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Court upholds Kennewick Man decision

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PORTLAND, Ore. - Saying that federal laws do not cover the remains of a nearly 10,000-year old man, the 9th Circuit Court of Appeals upheld a ruling on Feb. 3 that allows for scientific studies on the remains popularly known as Kennewick Man.

Attorneys for four tribes that sought to inter the remains say the decision undermines a federal law designed to protect American Indian remains.

Scientists on the other hand are hailing the decision and claim that further study is needed of the remains to decide whether they are indeed American Indian.

The decision is the latest chapter of the ongoing litigation between several Northwestern tribes and scientists who want to study the mysterious origins of the remains.

The mystery began when two teenage boat racers discovered the remains in southeastern Washington state in 1996 near the town of Kennewick setting off a huge and impassioned debate. The debate continued after a facial reconstruction of the skull revealed a visage that seemed more Caucasian than American Indian.

Unfortunately, the debate soon turned very ugly as white supremacists latched on to the potential Caucasian angle and tried to file a friend of the court brief in favor of turning the bones over to scientists.

However, it should be noted that the mainstream scientists that sought to study the bones did not solicit the white supremacists and even condemned their offer.

Meanwhile, several local tribes including the Colville Yakama, Umatilla, and Nez Perce insisted that since the remains were pre-Columbian, they were undoubtedly their ancestors and cited protection under the Native American Graves Repatriation Act of 1990 (NAGPRA).

A complex fight ensued and the remains were eventually ordered returned to the tribes by then-Interior Secretary Bruce Babbitt in 2000 and a group of scientists initiated a lawsuit.

In the 2002 decision it was decided that the remains were not covered by NAGPRA but the Archaeological Resources Protection Act. It was argued that there could be no definitive link to the tribes because of their antiquity and further study was allowed.

In their decision, the three judge 9th Circuit panel also reasoned that tribes had gone too far in claiming all pre-Columbian remains to be those of American Indians. Tribal sources say that this is limited because the only documented pre-Columbian non-Indian remains are small scale settlements of Vikings in limited areas on the east coast of Canada. It should also be noted that some claim that Chinese fishing vessels may have visited California in the 16th century.

Originally the attorney for Colville, Rob Roy Smith, who works for a Seattle law firm, represented all four tribes before the 9th Circuit and warned that NAGPRA might be compromised.

"The court has done a great injustice to Indian country," Smith said.

The problem as Smith sees it, is that tribes must now conduct studies of remains to determine their antiquity in order to claim remains. Though some tribes do not have a problem with examining remains, many do, and would be forced to go against their own religious principles in order to gain custody.

Smith added that NAGPRA sets no specific limit on the age of the remains but said that it is generally hard for tribes to claim remains over 500 years old.

There are several competing theories as to the origin of Kennewick Man. Some members of the local tribes cite their religious origin stories that claim they originated in the area and that they were the first inhabitants. The local tribes use the alternate moniker "(The) Ancient One" for the remains.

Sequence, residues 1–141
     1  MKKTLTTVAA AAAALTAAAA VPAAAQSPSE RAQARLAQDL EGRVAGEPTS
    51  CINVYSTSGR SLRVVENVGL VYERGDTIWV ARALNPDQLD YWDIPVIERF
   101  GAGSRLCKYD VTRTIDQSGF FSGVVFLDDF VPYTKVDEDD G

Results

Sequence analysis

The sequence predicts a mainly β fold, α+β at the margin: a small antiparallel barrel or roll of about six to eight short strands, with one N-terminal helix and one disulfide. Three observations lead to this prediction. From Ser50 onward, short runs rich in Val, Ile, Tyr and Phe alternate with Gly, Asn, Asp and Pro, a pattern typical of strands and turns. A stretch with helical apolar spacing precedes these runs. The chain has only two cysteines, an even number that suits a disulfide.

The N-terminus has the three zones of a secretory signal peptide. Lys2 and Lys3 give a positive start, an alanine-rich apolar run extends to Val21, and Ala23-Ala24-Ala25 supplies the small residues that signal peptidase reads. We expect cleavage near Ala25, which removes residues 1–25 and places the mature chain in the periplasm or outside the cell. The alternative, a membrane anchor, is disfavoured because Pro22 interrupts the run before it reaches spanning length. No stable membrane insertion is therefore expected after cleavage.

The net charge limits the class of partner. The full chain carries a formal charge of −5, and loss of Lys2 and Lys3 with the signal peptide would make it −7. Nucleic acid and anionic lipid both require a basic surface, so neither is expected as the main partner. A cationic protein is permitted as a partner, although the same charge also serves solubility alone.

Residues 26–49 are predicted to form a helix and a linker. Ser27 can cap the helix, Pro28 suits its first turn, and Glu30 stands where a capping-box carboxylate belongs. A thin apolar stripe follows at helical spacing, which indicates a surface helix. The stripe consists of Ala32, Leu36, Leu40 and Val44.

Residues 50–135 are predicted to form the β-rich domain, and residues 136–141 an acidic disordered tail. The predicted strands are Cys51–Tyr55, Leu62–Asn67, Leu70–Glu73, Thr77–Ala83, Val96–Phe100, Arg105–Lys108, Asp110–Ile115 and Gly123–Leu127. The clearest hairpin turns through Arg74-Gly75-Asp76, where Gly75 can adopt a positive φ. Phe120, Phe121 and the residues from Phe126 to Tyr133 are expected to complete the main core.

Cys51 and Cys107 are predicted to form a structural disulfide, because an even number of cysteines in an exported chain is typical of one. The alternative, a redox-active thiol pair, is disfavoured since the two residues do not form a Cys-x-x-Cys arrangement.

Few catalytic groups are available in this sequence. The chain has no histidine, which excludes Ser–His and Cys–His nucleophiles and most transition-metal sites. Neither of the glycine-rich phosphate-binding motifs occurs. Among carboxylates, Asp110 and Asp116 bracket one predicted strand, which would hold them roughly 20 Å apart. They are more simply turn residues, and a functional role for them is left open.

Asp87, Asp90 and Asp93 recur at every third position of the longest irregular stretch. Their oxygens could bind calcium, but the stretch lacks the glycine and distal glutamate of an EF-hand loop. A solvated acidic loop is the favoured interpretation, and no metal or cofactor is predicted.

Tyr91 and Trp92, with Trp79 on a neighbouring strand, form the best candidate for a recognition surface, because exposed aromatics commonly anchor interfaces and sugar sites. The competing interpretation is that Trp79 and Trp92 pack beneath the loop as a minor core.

Though several scientists are at odds over many details, they have theorized that Kennewick Man is actually a relative of the Ainu people of northern Japan. Sometimes dubbed the "American Indians of Japan," the Ainu are an ethnic group with Caucasian-like features that lived on the islands for an indefinite period before the ancestors of the modern Japanese invaded the island from the Korean peninsula.

"(Kennewick Man) is undoubtedly related to the Ainu in Japan," said C. Lording Brace, a professor of anthropology at the University of Michigan, one of the plaintiffs seeking to study the remains.

Though disputed by other scientists, Brace insists that modern ethnic characteristics were very much the same during the time of Kennewick Man. Brace uses the method of dental pathology as evidence to this point.

Among those that disagree with Brace on this point are noted American Indian social critic and author Vine Deloria and David Hurst Thomas, the director of anthropology at the American Museum of Natural History.

Though neither man could be reached for this story, they had previously told Indian Country Today that they believe that modern racial definitions are not valid when speaking of such old remains. Such factors come into play as climate, flora and fauna were much different during that era near the end of the last ice age than they are today.

"It's almost impossible to do a racial composition on a recent corpse, so when we're talking about an era when modern racial classifications had yet to take shape it's irresponsible to say this is white or Indian as we know it today," said Thomas in a 2001 Indian Country Today interview.

Currently, the remains are being held at the University of Washington in Seattle. Smith said that the tribes have at least two options. The first is an en banc hearing, or a hearing before the entire 9th Circuit Court of Appeals that could potentially overturn the three judge panel that made the Feb. 3 ruling.

The other would be congressional action to produce a legislative remedy. Smith said it is unlikely the case would make it to the Supreme Court because cases normally have to conflict with another circuit court in order to make it to the high court.